Lawyers for embattled former CLICO Executive Chairman Leroy Parris were today claiming a “moral victory” after the Court of Appeal agreed with their submission that court action against their client was improperly filed by CLICO International Life (CIL).
Acknowledging a precedent set by Australia, the three-member panel, led by Madam Justice Sandra Mason and including Justices Andrew Burgess and Kaye Goodridge, said the action should have really been filed by CLICO International Life (under judicial management), and not simply by CLICO International Life, since legally the two companies were not the same.
Hal Gollop, QC, said it was now therefore left to Chief Justice Sir Marston Gibson to decide on Parris’ appeal of an earlier order for him to pay back $3.3 million to CIL.
“We now have to wait and see what happens in the appeal,” he told Barbados TODAY as he made his way out of the Supreme Court, hailing today’s development as a “moral victory” for his team, which has filed a counter suit in a bid to have the February 2 judgment against Parris set aside.
Gollop’s legal partner Vernon Smith, QC, who is also representing Parris and his private firm Branlee Consulting Services, said based on Wednesday morning’s development he was also satisfied that “the Court of Appeal had agreed with all of our submissions that it [the action against Parris] was not properly brought”.
However, Ramon Alleyne, the legal spokesman for CIL’s judicial manager Deloitte Consulting Inc, said in his estimation today’s ruling did not in any way affect the previous judgments handed down on CLICO; therefore he saw no reason for Parris’ team to be jumping for joy.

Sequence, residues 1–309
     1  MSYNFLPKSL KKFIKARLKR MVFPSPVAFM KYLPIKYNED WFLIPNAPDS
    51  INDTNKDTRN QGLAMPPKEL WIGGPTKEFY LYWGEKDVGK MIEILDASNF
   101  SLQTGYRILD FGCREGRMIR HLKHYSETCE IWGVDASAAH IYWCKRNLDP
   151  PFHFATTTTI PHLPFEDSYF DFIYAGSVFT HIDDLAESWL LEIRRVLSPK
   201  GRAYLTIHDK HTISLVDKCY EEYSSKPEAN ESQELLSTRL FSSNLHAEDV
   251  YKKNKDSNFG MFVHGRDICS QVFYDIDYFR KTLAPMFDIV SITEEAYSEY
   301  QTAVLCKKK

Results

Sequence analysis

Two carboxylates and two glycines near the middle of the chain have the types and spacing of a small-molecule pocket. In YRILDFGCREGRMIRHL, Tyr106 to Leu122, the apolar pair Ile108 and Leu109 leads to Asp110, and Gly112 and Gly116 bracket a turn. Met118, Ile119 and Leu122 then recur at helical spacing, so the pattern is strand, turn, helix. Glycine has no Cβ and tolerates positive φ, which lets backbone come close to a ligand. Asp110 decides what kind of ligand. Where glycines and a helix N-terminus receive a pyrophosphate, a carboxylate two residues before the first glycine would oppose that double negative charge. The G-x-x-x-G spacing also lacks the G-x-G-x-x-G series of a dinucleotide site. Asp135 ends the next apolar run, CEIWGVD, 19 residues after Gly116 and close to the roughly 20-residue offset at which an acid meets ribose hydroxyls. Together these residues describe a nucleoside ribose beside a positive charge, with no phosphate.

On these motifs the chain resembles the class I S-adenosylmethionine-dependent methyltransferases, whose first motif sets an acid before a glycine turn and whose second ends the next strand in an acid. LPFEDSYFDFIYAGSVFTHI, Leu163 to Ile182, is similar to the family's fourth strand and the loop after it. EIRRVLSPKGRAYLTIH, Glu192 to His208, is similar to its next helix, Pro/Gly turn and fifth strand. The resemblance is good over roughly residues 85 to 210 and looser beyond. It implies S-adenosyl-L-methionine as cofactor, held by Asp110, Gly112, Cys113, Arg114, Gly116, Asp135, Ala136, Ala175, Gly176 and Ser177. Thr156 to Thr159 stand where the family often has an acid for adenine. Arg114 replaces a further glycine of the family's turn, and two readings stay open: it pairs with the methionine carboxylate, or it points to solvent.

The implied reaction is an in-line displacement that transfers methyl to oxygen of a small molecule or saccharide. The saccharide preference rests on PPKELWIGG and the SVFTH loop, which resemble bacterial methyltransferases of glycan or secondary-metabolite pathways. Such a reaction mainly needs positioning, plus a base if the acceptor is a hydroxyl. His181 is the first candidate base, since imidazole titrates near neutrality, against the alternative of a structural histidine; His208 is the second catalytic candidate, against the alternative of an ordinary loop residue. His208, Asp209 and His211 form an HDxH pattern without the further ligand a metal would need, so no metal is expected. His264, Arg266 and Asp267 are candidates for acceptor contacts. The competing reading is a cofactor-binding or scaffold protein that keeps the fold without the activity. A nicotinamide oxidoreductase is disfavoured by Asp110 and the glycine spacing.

“We have a court order, determined by [the] Chief Justice, that there is no disability for the reference ‘under judicial management’ not being in the title, that is all this is, how do you call CLICO. So what the Court of Appeal has asked today, or indicated is that they would prefer if it is referenced as ‘under judicial management’.
“The Court has basically determined that you should say CLICO International Life under judicial management but reaffirmed that their right to sue, bring action against Mr Parris or do any of the things they are doing is totally acceptable, not in question. So truthfully, it doesn’t change a thing,” he told Barbados TODAY.
Pressed on whether the Court of Appeal’s decision did not take the CLICO matter back to the starting point, Alleyne said: “No, no. Certainly not!”
As for Gollop’s shouts of victory, the CIL’s attorney said: “It is the only type of victory they have ever received in this matter since most of the substantive victories have been for CLICO.”
The company has been given a week to file a new application reflective of the CIL name change.
Deloitte, acting on behalf of CLICO International Life, had earlier successfully brought the court action against Parris, claiming that the $3.3 million went to him through Thompson and Associates, the law firm owned by the late Prime Minister David Thompson.
Forensic auditors from Deloitte Canada, in their report of December 5, 2011, had expressed concern about the payment, which they described as a fraudulent transaction. The Judicial Manager wants the money refunded, alleging it was obtained from CLICO in breach of trust and fiduciary duty.
Over a year ago, the High Court froze the money on Parris’ account at the Bank of Nova Scotia. It is that same money which Parris’ lawyers are currently fighting to have released, and they have filed a second constitutional motion to have the court accelerate a ruling.
The court is yet to make a final determination on the multi-million dollar payment.